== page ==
The square root is the number whose product, when the number is multiplied against itself (squared), is value. Note that it is possible to multiply two negative square roots to produce the same positive value. By convention, the SQRT () function only returns the positive root.

## SIN

Calculates the trigonometric sine of a specified angle (measured in radians).

SIN(value)

Value is the angle measured in radians for which you want to take the cosine. If your argument must be in degrees, multiply it by PI ()/180 to convert it into radians.

The sine is a sinusoidal function with a period of 2*PI () radians. Its value is always between 1 and -1.

The sine function value derives from the geometric ratio between the length of a right triangle’s hypotenuse and the length of the opposite leg, when the hypotenuse has a length of one. It is a continuous function because at intervals of PI () radians the length of the opposite leg and the hypotenuse are equal.

Another way of looking at this function is to imagine the hypotenuse is the radius, r, of a unit circle centered on a Cartesian plane with x- and y- axes. At any point on the edge of the unit circle, the hypotenuse makes an angle, theta, with the x-axis. The sine function value of the angle theta is the distance from the center of the circle to the point in the direction of the y-axis. Applied in this fashion, the SIN () function can be used to convert between Cartesian and Polar coordinate systems.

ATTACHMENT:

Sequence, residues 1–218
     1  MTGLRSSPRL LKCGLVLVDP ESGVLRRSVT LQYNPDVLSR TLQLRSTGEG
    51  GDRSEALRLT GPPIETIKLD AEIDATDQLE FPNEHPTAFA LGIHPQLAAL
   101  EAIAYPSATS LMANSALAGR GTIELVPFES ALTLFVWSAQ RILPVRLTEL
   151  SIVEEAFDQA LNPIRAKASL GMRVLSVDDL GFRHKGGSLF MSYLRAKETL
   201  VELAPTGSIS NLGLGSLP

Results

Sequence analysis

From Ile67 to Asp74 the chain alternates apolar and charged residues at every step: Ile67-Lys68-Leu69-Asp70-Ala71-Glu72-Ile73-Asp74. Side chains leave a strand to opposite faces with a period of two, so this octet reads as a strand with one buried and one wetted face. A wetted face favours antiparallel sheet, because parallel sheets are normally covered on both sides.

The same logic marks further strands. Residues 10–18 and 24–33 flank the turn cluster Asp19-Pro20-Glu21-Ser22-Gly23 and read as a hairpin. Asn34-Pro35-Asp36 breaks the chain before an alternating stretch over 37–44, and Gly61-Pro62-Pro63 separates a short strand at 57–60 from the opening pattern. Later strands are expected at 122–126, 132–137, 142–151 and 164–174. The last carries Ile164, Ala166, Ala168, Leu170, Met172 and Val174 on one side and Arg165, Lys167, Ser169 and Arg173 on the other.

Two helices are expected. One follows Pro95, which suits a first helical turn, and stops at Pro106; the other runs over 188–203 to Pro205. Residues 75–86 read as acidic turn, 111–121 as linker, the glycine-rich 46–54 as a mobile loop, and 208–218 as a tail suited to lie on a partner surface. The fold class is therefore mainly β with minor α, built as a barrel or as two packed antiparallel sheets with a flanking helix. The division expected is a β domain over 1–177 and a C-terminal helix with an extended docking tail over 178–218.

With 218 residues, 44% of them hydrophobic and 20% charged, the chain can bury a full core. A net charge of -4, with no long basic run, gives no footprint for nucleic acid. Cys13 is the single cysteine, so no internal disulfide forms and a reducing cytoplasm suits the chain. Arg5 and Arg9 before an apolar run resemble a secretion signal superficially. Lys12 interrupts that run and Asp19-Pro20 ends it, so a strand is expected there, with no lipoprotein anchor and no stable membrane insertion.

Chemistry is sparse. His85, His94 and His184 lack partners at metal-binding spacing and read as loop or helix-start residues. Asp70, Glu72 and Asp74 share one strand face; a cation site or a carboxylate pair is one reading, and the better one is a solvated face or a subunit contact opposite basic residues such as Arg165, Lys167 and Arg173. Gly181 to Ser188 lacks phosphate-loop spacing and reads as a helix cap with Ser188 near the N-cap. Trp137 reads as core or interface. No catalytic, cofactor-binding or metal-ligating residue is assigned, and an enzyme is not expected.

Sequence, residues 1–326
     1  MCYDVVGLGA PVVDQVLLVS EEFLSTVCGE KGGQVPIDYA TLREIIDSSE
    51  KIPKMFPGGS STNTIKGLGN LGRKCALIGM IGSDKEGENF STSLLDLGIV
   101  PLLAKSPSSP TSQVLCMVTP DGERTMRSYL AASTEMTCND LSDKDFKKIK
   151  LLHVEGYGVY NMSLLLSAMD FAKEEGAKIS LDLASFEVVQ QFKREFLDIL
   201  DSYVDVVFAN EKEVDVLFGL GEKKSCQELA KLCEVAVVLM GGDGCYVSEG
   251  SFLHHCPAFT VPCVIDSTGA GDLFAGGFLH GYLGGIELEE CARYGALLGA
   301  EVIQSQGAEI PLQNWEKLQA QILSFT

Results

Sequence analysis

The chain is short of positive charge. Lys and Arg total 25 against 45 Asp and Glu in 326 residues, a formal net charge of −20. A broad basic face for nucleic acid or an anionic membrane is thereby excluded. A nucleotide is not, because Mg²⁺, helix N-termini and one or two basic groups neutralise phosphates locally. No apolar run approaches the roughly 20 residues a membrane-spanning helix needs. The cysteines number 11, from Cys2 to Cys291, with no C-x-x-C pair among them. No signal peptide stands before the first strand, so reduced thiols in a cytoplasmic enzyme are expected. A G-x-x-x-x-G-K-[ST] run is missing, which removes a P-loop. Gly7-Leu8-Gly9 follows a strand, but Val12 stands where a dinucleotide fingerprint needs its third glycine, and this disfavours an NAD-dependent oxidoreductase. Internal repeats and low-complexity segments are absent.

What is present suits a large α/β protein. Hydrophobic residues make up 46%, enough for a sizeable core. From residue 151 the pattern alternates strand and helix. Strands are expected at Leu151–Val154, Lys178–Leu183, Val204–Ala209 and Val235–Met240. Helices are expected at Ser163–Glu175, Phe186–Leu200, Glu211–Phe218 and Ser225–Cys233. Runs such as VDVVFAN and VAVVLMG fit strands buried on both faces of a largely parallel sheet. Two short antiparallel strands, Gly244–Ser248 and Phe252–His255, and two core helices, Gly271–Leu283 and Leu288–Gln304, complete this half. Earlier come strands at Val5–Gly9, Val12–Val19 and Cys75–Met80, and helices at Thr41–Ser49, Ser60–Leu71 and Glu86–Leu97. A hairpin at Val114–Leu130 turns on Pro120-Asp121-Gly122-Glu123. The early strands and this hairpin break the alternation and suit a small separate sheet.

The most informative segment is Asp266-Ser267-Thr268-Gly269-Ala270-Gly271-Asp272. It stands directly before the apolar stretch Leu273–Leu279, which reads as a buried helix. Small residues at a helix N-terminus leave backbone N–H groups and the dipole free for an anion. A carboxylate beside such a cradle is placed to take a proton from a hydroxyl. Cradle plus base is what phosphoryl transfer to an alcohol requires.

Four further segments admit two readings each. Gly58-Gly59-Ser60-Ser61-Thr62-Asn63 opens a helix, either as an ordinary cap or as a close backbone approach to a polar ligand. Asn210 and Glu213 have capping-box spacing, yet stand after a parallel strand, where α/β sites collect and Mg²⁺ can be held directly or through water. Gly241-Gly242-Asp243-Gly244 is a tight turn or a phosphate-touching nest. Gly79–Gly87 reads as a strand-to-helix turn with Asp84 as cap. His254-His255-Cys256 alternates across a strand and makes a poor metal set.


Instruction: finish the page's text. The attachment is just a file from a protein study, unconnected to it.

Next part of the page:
Both interpretations are equivalent because if you drop a line from a point on the unit circle that intersects the y-axis at a right angle you form a right triangle.

These trigonometric concepts appear frequently in many engineering, architectural and scientific applications.